Three Things about Appraisals You Won’t Find on Wikipedia

Note:  This is a chapter in my new ebook called The Ultimate Guide to Buying (and then Selling) Your First Home.  I will post a chapter a week.  If you like what you read, you can pick up a copy here for the price of a candy bar!   Buy a candy bar or be a real estate guru!   The next chapter is about appraisals.  The last chapter to be shared on this blog you can find here.

Three days later, we had heard from the buyer’s agent that the lender was moving forward with the appraisal and it was scheduled for the next week. When I called to let my clients know, Sally answered and wanted a refresher on the appraisal process.   I told here.  “All banks want to make sure the loan they are giving to your buyers can be recovered in the case they have to foreclose and sell the property.   An appraiser is the one that is hired by the bank to give a value of your home. “I told Sally that there was not much for sellers to do with appraisals except make sure to give full access to the property (if required).  Sally asked me to go on.  I told her about three things you might not know about the appraisals.

1.Appraisals can often disagree with the agreed upon sales price. – I told Sally that appraisals can come back with a different value than your sales price.  She asked what happens then.  I replied.  “If it is higher than the sales price, that does not affect the approval of the mortgage.   However, if the home appraises at a value less than the sales price than certain decisions must be made.  The bank will only approve a loan matching the value of the home.   What do you have to do?   There are three likely outcomes.  The buyer ponies up the difference between the appraised value and the sales price.  This would have to be in the form of cash.   The seller can agree to reduce the sales price to the appraised value.  Finally, a compromise of some sort can occur where the buyer puts in more cash and the seller lowers the price to meet in the middle.” I told Sally it was always good to strive for the last situation where both parties end giving up something in order to allow the deal to go through to closing.

2.Don’t be afraid to appeal an appraisal.  – Sally immediately asked if an appeal can be made on an appraisal.   I replied.  “All appraisers are certified by the state.   In Texas, you must be licensed by the Texas Appraiser Licensing and Certification Board (TALCB) to legally appraise a home.  The minimum requirements to be appraiser are Citizen of the United States or a lawfully admitted alien

●18 years of age or older

●Provide 2,000 hours of acceptable and verifiable appraisal experience acquired over a minimum of 12 months

●Meet TALCB’s qualifications for honesty, trustworthiness, and integrity

With the minimum requirements being this stringent (as compared to other real estate professions), you can be rest assured that you appraiser will have the education and experience to determine the value of your home.”   I further explained to Sally. “However, there might be at times when you disagree with the appraiser’s opinion on the value of your home.   You can reach out to the lender to appeal your case.  It is best to approach the buyers to get their support, but even if they do not, it never hurts to request a copy of the appraisal to see if there are any factual mistakes.  You can then ask the lender to reconsider the appraisal.   Most of the time it will fall on deaf ears, but the effort might be worth it if you can get the appraisal changed.”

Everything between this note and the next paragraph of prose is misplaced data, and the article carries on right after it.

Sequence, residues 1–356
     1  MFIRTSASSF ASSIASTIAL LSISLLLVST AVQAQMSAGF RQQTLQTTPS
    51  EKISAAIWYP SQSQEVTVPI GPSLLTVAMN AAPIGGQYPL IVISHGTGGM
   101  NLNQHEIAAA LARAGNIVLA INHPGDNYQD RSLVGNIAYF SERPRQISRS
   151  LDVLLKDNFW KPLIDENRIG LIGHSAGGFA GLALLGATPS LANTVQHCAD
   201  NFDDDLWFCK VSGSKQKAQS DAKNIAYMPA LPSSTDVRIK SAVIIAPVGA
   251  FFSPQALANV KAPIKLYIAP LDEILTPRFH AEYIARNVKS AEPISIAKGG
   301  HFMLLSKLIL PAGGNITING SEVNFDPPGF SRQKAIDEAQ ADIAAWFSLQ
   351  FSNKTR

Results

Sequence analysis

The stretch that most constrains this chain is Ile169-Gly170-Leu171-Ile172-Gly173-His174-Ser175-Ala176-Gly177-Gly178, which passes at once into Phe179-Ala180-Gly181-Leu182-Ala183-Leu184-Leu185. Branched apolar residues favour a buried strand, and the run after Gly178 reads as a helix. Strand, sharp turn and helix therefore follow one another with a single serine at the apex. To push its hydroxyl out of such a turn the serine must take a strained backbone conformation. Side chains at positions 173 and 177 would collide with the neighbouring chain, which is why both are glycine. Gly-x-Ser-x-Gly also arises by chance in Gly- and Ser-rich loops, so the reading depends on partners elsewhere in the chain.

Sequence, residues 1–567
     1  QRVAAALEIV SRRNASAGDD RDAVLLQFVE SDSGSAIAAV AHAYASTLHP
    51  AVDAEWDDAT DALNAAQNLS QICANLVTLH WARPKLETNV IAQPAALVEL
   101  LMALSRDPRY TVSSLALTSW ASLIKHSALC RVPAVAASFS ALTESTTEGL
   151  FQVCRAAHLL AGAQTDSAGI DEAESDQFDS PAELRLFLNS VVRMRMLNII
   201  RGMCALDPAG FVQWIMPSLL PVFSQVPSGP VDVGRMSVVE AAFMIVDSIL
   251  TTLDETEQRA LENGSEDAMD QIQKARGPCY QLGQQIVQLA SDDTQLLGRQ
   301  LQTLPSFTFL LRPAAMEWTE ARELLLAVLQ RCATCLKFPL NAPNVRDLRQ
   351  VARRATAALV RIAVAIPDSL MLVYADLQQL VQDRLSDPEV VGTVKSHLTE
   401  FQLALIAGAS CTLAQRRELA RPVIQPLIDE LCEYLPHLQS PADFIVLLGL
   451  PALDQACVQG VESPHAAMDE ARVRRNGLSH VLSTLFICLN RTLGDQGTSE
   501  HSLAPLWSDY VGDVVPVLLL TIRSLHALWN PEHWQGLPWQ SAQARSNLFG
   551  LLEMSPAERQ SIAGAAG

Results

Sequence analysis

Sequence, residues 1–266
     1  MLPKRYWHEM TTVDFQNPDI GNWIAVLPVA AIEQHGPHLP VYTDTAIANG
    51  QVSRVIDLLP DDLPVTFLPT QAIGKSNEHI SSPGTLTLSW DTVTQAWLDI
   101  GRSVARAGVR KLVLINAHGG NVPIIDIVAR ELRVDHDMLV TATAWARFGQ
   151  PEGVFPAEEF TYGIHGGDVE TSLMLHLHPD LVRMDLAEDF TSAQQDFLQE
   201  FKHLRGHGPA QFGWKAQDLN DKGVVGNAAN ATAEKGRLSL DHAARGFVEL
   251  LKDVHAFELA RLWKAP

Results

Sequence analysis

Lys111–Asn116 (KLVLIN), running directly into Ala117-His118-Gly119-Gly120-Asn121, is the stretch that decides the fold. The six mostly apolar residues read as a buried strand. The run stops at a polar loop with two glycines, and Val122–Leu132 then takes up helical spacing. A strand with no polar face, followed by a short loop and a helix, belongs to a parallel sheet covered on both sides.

3.There are multiple ways to evaluate the value of a home -.  Sally didn’t like my response about the appraisal, so she asked if there could a different approach to be taken when appraising the home.   Without getting into the specifics of the theory behind appraisals, I replied that it is good to know that your home can be appraised in different ways.  I told Sally. “The most important fundamental concept to understand about appraisals is what market value truly means.  It is the most probable price a home should bring in a competitive and open market.  Price does not equate to value. Price is what is listed in your contract while value is what the market says it is worth.    There are three main approaches to determine market value, which the appraiser will use one or many of them to determine value.

●Sales Comparison approach.  This one is the most common one used for single family residential.  This technique focuses on recent sales to determine value of the property. Comparable properties will be used if possible.  If differences exist between your home and the comparable sales, the appraiser will adjust the value

. ●Cost Approach – This technique will take the cost of building the property and determine the depreciation of the home over time.  You also look at factors in environmental aspects of the surrounding neighborhood that might detract from the value of a home.  Value is reached by deducting the depreciation from the cost of building the property.

●Income Approach – This technique will be used for rental homes.  Investors will often know this technique in order to determine if their purchase price is in line with the market value.   The appraiser will evaluate surrounding rental rates and the potential future income of the rental to determine value.

Sally said she understood and hoped that none of these situations will happen.  She was keeping her fingers crossed that all would go well.   And, it did.   I left a packet of information for the appraiser on how we came up with the list price for the home, so they could see our thinking on the matter.  Most appraisers will welcome such a packet as it saves them time.  Others will politely refuse as this can often be a conflict of interest by the appraiser.   The week after the appraisal was done, we received the good news that the appraisal matched the sales price, so we could move onto to closing.